Making good on her promise to repay the Companions, Achren sees through Arawn’s final shape-changing guise and throws herself upon his serpent shape. The serpent sinks its fangs deep into Achren’s throat, but the moment of distraction allows Taran to cleave the snake in two.
Achren has received her death wound. “‘Have I not kept my oath, Gwydion?’ she murmured, smiling vaguely. ‘Is the Lord of Annuvin slain? It is good. My death comes easily upon me.’ Achren’s lips parted as though she would speak again, but her head fell back and her body sagged in Gwydion’s arms” (HK 222/257).
It is with some regret that we see Achren die. Yet it is best, for there is no future for her in the new Prydain. Achren is laid to rest in the *Great Hall of Annuvin. As the Companions leave her there, the stronghold bursts into flame and the walls crumble. It seems fitting that Annuvin, the kingdom she once ruled, becomes both her pyre and her *barrow.
In death the face of Achren, no longer bitterly haughty, was at last tranquil. Shrouding the woman in her tattered black cloak, the companions bore the body to rest in the Great Hall, for she who had once ruled Prydain had died not without honor. (HK 224/259)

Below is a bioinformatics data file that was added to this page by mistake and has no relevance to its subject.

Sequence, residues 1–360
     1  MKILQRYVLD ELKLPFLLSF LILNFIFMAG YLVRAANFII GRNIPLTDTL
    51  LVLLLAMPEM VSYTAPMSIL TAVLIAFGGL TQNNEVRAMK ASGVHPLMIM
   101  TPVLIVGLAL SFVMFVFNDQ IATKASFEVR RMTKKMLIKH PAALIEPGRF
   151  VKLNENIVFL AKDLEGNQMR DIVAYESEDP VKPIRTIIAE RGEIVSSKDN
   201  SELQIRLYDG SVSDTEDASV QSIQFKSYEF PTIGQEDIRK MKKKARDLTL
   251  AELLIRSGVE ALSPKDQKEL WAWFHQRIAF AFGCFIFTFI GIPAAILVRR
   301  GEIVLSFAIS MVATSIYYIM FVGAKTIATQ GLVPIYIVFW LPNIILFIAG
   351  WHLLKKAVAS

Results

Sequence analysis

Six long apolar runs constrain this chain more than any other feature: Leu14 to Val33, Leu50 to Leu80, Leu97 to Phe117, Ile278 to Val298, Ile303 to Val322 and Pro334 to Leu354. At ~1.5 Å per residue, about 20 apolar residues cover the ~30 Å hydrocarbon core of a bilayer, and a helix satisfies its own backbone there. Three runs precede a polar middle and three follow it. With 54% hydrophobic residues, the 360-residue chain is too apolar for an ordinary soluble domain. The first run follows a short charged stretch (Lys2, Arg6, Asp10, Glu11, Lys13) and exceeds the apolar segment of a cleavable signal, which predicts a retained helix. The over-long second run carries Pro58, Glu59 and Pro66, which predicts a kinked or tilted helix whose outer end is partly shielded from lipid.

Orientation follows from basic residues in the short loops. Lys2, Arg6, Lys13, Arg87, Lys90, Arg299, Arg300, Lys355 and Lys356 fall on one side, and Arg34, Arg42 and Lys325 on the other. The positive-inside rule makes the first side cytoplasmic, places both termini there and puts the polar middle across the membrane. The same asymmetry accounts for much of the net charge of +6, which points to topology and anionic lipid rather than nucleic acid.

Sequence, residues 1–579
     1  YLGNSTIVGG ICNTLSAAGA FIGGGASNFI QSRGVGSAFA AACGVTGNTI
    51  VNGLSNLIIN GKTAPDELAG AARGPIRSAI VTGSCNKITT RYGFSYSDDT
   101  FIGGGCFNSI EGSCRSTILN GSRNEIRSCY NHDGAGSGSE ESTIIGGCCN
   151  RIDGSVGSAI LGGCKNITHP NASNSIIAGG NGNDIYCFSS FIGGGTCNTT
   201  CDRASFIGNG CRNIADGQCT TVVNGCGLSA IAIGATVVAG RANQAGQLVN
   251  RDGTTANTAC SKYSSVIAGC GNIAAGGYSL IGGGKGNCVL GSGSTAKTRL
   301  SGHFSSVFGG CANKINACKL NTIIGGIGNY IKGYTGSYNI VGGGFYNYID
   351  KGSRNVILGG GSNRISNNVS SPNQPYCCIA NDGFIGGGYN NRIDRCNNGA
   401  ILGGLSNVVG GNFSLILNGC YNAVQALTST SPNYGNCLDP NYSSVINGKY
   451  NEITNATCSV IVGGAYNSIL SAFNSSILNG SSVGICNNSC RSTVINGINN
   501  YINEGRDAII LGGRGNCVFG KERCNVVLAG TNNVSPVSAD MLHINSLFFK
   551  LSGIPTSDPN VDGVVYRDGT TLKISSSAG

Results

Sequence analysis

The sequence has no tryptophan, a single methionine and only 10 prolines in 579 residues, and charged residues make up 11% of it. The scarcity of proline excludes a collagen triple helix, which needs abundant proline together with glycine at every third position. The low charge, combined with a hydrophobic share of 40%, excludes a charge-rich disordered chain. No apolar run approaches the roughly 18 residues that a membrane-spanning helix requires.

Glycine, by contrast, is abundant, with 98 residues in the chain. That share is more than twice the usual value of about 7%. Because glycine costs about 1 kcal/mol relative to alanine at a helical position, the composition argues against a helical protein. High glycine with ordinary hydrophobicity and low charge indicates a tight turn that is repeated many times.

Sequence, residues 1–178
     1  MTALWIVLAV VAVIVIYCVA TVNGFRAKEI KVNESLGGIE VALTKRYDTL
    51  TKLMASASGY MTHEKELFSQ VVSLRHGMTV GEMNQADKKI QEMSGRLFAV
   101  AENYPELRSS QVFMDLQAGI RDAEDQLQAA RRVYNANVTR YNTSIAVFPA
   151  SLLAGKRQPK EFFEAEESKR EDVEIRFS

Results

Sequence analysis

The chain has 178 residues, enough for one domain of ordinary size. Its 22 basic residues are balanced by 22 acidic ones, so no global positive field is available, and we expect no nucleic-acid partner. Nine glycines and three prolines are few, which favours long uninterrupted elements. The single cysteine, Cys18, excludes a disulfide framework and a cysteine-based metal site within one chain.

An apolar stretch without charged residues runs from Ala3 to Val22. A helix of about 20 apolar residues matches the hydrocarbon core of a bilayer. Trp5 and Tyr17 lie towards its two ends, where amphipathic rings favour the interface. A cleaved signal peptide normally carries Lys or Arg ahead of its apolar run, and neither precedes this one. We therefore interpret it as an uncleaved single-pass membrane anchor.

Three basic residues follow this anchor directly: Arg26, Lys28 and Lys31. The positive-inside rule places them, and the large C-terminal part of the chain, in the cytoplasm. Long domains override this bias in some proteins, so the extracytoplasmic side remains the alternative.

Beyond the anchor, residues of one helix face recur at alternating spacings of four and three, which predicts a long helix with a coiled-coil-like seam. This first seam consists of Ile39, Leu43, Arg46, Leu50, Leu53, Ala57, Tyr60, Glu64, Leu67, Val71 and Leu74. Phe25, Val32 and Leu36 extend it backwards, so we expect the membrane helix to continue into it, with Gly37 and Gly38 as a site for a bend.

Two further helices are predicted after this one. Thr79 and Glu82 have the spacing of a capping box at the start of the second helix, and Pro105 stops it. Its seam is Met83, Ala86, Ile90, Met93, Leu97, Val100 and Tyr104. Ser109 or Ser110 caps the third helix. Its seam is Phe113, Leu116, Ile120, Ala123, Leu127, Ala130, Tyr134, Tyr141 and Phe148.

The name of Achren was gleaned by Alexander from *Celtic mythology. In her notes to the *Mabinogion, *Lady Charlotte Guest recounts the tale of “The Battle of the Trees,” which served as Alexander’s inspiration for *The Book of Three. The story tells of a battle fought between Amathaon, brother to Gwydion, and Arawn, King of Annuvin (Hell). In the tale there appears a powerful woman named Achren. In fact, the battle is often referred to as the Battle of Achren. Not only was there a man in this battle who could not be overcome unless his name were known (as with the *Horned King) but “there was on the other side a woman called Achren, and unless her name were known her party could not be overcome” (M 280). As eventually occurs in the *Prydain Chronicles, this Achren was apparently aligned with Gwydion and his brother.